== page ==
The following is an article originally published in 2010, updated in 2015 and definitely illustrates how hard it is to “let go” when you’re a parent.
When my third son, Tim, was a toddler, his favorite book was Are You My Mother? by P.D. Eastman. In the story, the baby bird breaks out of his shell and his mother isn’t anywhere to be found. He journeys on a quest to find his mother, asking a dog, cow and various other animals and inanimate objects the question: “Are you my mother?” Eventually, mother and baby bird are reunited and they live happily ever after.
In the real world, a mother bird knows when it’s time for baby bird to leave the nest. For humans, the gradual letting go of mother and child takes place over many years. It begins the first time Dad takes his newborn son out for a car ride or Grandmom takes the baby for a walk in the stroller. The important thing for most parents is to allow this transition to take place and to not smother our children when it’s time to “let go.”
I have to admit, it’s hard for me to “let go.” Attachment parenting was a natural way to nurture my children and I enjoyed nursing them, carrying them, rocking them and simply being with them. Homeschooling was also a logical progression of this philosophy.
At around age three or so, our sons weaned. At varying ages, they stopped coming into our bed. Homeschooling eventually comes to an end. Part of the “letting go” process also means allowing them to make their own decisions in life.
In 2009, Tim (then 17, now 23) landed a “dream” job at the local parachuting club. A few weeks after he had started, Tim called from the club and calmly explained that his boss had shared with him that one of the perks of his job was free skydiving. So he asked if he could go skydiving, that afternoon – in about two hours, to be precise. I immediately dismissed the request, saying, “Tim, forget it. You’re not jumping out of a plane at 10,000 feet.” I had spent the last 17 years of Tim’s life trying to protect him from danger, so why would I stop now?
“But, Mom,” he said, “I’ll have a parachute on and there’ll be an experienced jumper with me.” I hesitated, wanting to shout at him, “Are you crazy? Why would you want to jump out of an airplane?” But I didn’t. Instead, I said, “Couldn’t you just wait until another time?”
“Mom, today there are perfect conditions; it’s clear and there aren’t many tandem jumpers. They said I could do it today. Please.”
My husband, standing nearby, gently reminded me that in six months, our son would turn 18 and he’d be able to do it without our permission. I also thought about the fact that in a few short months, Tim would be old enough to join the armed forces and fight in battle (and possibly jump out of airplanes all the time). I sighed, then said, “We’ll be right there.”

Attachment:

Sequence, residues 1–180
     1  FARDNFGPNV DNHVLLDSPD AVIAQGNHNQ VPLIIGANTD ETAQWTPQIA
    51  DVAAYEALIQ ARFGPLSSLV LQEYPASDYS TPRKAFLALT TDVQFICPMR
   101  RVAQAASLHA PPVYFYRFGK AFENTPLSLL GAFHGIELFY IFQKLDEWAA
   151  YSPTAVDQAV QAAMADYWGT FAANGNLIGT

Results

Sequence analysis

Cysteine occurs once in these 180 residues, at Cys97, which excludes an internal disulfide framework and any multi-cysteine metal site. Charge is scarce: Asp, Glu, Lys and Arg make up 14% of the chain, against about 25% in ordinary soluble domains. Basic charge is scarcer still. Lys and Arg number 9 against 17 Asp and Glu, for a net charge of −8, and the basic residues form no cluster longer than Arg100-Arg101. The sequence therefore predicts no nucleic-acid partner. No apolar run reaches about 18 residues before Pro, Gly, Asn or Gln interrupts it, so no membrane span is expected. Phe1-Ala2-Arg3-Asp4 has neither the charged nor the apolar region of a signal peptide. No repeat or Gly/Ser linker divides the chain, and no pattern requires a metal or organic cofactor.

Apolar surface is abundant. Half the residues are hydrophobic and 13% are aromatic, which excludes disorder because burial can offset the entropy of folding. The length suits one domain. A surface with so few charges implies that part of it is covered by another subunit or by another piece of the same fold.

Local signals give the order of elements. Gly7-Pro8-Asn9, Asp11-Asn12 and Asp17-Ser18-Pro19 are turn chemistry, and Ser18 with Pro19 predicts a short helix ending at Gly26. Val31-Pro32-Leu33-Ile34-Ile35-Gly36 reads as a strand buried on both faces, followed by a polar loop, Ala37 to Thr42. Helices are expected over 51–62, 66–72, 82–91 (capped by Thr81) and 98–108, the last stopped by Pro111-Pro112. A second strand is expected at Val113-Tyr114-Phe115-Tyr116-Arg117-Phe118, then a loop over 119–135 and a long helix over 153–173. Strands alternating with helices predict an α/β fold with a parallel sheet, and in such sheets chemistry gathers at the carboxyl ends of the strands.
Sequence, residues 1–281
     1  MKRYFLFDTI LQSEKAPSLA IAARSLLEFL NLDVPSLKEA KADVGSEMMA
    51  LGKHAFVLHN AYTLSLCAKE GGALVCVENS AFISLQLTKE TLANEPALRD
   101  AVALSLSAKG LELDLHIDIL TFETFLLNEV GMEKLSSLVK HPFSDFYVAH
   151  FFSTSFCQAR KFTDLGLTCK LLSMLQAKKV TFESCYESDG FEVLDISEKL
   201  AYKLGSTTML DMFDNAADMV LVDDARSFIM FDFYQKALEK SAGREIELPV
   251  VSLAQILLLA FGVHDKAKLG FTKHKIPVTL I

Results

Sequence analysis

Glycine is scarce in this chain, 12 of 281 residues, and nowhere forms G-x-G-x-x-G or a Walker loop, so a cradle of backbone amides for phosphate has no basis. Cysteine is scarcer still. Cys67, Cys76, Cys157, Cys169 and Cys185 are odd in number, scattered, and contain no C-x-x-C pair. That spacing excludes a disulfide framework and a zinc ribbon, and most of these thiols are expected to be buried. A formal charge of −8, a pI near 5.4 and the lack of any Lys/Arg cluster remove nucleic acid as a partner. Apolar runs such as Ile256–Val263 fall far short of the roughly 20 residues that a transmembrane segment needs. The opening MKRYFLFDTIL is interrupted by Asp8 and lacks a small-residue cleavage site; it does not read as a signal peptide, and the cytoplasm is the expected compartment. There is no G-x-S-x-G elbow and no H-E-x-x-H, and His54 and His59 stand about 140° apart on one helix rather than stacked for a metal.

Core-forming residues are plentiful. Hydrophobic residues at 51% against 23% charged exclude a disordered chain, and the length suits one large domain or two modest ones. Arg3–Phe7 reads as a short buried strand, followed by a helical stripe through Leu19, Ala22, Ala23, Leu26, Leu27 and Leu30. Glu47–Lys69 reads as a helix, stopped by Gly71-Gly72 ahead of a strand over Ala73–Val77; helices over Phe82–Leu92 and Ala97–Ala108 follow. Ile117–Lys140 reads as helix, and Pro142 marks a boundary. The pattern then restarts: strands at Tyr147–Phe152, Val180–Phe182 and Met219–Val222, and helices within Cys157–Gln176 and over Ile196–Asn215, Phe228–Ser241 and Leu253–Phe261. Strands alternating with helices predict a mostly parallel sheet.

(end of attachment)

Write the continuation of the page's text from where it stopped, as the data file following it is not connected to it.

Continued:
Of course, since he was under 18, we had to sign papers consenting to his jumping out of an airplane at 10,000 feet, with another skydiver (tandem skydiving). Then we had to watch a video explaining what would be involved. Perhaps if I’d had a week or even a day to rethink the whole thing, I wouldn’t have agreed to it.
The instructor who made the tandem jump with Tim assured me that there were all kinds of backups and safety precautions: extra parachutes, an experienced jumper making the trip down with him, etc. But I was not happy about it. I prayed from the moment he stepped onto the airplane and continued praying. It was the longest — and I mean the longest — 20 minutes of my life. My hands were shaking and I don’t think I actually breathed until he stepped onto the ground.
When he was close to landing, we could hear him screaming. In that first half-second, my motherly instincts kicked in and I panicked. “Is he okay?” I frantically asked my husband, standing nearby. Then I heard loud hearty laughter from Tim, still in the air above us.
He finally landed and the bright and happy expression on his face said it all. He kept saying thank you to the tandem instructor. But what surprised me was when he said, “Thanks, Mom, for letting me do that.”
I nodded, now relieved and happy that he was safe.
He tapped me on the shoulder. “Can I do it again next week?”
updated: copyright 2015 Ellen Gable Hrkach